Beloved ex-fire chief Clapper dies at 77 |

Beloved ex-fire chief Clapper dies at 77

Naomi Havlen
Willard Clapper and his son Willard, jr., during the Aspen Volunteer Fire Protection District's 50th anniversary.

Former Aspen fire chief Willard Charles Clapper, who is credited with bringing the local volunteer fire department into the modern age, died Thursday. He was 77.Friends and colleagues remember Clapper as a dedicated community member who raised his large family in the Roaring Fork Valley, and who was a jack-of-all-trades in the local work force.Clapper moved to Aspen in 1958 with his wife, Mary Maddalone, and worked for the Aspen Water Co., helping install the first sprinklers in Wagner Park. He then worked in the maintenance department at Aspen Highlands, although he “couldn’t ski a lick,” according to his son, Willard Clapper Jr. Later, Clapper plowed and repaired roads with the Pitkin County Road and Bridge Department, and helped bring natural gas to the valley while working for the Rocky Mountain Natural Gas Co.To many, Clapper’s name is synonymous with the Aspen Volunteer Fire Department. He was the first member to serve for 25 years, and the fire station’s original bell, which sits next to the fire station on Hopkins Avenue, is dedicated in his honor. He joined the fire department in the 1950s, when the organization was very family-oriented.

“He was a service-oriented man, and because he was related to the department by marriage, he got on,” the younger Willard said. “Getting on the department then wasn’t that easy – you had to wait for someone to die or move away.”The department at the time was a “good ol’ boys club,” but when his dad became chief in 1968 things began to change. The elder Clapper looked closely at equipment upgrades, training techniques and the standards for the fire district.”He was a very visionary leader,” said current Aspen Fire Chief Darryl Grob. “For a volunteer fire department going back as far as this one does, to the 1880s, this has been growing and developing continuously through the years. Willard Sr. was an individual with an eye on the future, and his community.”Clapper was born in the farming community of Towner in 1928. He dropped out of high school when he was 17 to join the Navy, getting his high school equivalency while in the service. Clapper next moved to Leadville to be near his father. It was there he met Maddalone, an Aspen native. The couple moved to Aspen in 1958, where they raised their six children.Basalt resident Bob Larson met Clapper when they worked together at Highlands, beginning in 1963. “He was one of the most wonderful guys I ever met,” Larson said. “Happy-go-lucky, and never had a bad thing to say about anybody, no matter what.”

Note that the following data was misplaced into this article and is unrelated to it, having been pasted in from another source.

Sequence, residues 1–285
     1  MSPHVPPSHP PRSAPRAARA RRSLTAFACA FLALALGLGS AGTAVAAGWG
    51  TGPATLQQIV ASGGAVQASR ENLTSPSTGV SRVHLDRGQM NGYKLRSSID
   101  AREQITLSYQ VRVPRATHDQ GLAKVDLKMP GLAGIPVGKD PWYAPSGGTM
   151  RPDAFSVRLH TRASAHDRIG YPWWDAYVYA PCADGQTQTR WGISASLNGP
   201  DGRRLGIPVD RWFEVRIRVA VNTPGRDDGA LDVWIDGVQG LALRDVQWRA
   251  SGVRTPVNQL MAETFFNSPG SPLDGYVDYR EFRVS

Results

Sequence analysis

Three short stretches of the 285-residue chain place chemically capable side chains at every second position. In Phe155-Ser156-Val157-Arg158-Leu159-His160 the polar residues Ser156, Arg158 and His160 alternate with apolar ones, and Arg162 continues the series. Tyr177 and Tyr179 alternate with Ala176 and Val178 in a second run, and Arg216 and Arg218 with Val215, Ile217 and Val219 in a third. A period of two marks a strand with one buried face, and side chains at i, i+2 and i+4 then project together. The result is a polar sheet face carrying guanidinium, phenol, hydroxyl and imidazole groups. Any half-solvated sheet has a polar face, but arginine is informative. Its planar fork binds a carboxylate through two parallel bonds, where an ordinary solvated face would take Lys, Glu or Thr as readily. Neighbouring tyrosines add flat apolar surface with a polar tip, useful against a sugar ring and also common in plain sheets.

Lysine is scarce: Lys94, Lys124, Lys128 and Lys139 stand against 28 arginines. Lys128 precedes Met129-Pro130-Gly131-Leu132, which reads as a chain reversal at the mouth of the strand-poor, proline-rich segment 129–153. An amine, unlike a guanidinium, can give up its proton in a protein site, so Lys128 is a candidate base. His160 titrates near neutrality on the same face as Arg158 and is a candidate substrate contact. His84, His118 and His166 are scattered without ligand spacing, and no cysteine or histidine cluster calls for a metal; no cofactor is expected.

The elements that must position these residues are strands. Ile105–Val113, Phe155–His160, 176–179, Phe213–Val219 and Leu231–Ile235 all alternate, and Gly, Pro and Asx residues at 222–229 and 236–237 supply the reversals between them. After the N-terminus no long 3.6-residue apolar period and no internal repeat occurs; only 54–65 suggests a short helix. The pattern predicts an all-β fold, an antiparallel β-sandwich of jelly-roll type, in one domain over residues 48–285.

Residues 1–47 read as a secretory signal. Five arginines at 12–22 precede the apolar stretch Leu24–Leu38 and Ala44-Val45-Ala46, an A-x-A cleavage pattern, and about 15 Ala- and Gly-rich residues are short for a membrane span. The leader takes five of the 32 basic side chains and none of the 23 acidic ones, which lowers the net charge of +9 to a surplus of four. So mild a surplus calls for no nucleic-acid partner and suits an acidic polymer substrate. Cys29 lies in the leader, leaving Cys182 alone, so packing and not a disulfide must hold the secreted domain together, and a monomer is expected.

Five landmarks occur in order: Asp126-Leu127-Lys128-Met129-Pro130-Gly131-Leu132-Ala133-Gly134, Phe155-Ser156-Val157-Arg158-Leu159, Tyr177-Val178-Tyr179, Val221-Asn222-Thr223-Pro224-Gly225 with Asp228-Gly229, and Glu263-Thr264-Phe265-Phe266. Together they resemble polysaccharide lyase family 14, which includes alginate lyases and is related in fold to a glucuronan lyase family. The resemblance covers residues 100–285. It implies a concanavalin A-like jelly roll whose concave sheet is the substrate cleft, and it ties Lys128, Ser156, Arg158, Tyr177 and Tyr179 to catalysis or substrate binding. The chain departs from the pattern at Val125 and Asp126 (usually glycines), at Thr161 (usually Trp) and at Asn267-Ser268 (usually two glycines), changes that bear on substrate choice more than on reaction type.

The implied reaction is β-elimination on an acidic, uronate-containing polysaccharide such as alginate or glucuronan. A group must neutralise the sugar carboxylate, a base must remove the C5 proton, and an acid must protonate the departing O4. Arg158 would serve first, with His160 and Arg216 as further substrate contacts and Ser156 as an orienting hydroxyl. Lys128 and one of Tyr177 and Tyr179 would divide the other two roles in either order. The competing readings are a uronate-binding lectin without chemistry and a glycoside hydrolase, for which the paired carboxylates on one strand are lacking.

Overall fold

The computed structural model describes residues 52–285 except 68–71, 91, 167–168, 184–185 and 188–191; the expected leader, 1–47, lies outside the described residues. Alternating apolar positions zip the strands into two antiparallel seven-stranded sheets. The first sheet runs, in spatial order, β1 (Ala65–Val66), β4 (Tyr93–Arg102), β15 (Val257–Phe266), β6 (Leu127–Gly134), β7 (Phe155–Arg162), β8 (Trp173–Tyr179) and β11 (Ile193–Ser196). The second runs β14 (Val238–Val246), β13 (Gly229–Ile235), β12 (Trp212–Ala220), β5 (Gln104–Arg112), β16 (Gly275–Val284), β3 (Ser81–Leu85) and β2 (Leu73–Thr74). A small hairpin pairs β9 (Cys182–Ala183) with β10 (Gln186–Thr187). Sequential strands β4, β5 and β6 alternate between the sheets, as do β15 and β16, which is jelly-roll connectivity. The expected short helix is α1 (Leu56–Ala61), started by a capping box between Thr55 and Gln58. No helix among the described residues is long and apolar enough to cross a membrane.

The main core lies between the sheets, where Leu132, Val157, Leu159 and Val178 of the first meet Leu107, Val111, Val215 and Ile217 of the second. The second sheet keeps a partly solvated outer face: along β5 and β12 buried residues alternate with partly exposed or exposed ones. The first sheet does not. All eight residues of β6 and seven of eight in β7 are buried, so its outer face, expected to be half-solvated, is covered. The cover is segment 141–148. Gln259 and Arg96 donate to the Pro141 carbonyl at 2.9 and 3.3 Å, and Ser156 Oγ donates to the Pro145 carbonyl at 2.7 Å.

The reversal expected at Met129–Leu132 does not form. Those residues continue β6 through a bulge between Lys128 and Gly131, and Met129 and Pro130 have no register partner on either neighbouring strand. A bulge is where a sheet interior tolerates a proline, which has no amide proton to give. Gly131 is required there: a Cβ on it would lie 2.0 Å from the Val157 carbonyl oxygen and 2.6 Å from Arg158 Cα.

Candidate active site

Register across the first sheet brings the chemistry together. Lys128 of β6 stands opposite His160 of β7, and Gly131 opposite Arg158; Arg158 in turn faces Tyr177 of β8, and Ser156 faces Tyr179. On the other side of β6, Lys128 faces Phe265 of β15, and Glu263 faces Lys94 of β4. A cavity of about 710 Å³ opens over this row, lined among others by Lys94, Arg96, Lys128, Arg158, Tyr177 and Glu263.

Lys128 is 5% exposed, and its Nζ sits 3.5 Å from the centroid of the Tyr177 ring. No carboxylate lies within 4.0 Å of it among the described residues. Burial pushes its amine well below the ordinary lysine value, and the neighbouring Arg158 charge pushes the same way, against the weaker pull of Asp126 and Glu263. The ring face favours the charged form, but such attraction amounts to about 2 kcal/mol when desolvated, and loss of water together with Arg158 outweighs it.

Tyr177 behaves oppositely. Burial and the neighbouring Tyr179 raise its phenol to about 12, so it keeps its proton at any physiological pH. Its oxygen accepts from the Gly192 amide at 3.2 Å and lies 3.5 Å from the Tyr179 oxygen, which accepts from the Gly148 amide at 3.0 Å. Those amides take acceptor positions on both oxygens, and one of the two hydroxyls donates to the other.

Clapper was also the butt of a venerable joke at the Aspen Volunteer Fire Department, affectionately referred to as the “Get behind something big” story. As former firefighter Tim Cottrell tells the story, a disgruntled employee or guest of a local lodge called in a bomb threat to the lodge. Suspecting the explosive device was in a refrigerator, the responding firefighters tied a rope to the fridge door and planned to pull the door open from outside the building.”[Clapper] said, ‘Everybody get behind something big, meaning the fire truck'” Cottrell said. “But when he turned around, four of us were standing sideways behind him.”He was a wonderful, kindhearted, fun-loving guy,” he continued. “He had an interesting golf swing, but he could just hit the cover off of the ball. He was a big man, and he could really crush it.”Cottrell also said that when Clapper was chief, he would occasionally respond to nighttime fire calls without his dentures, and then curse the firefighters who would get donuts in the morning, “when I’ve got my teeth out.”Grob called Clapper “a striking individual, with a marvelous personality and a marvelous sense of humor.”

“I’ll always remember when I was a brand-spanking-new firefighter, and when I was responding to a fire call I bounced my Land Cruiser off the side of the fire engine that was coming around the corner,” Grob said. “I spent a few hours anticipating the worst. And when Willard got a chance to talk to me, he walked up and looked me straight in the eye, and said ‘Don’t ever do that again.’ He walked away, and that was that.””He was a great guy, and instrumental in beginning to drag the fire department into the new age,” Cottrell said. Mary Maddalone died in 1991, after the couple moved to Rifle, where Clapper continued to work for the Rocky Mountain Natural Gas Co. Several years later, Clapper met and married Barbara Williams. Clapper and Williams split their time between Rifle and Desert Hot Springs, Calif., before moving to California full-time several years ago.Naomi Havlen’s e-mail address is

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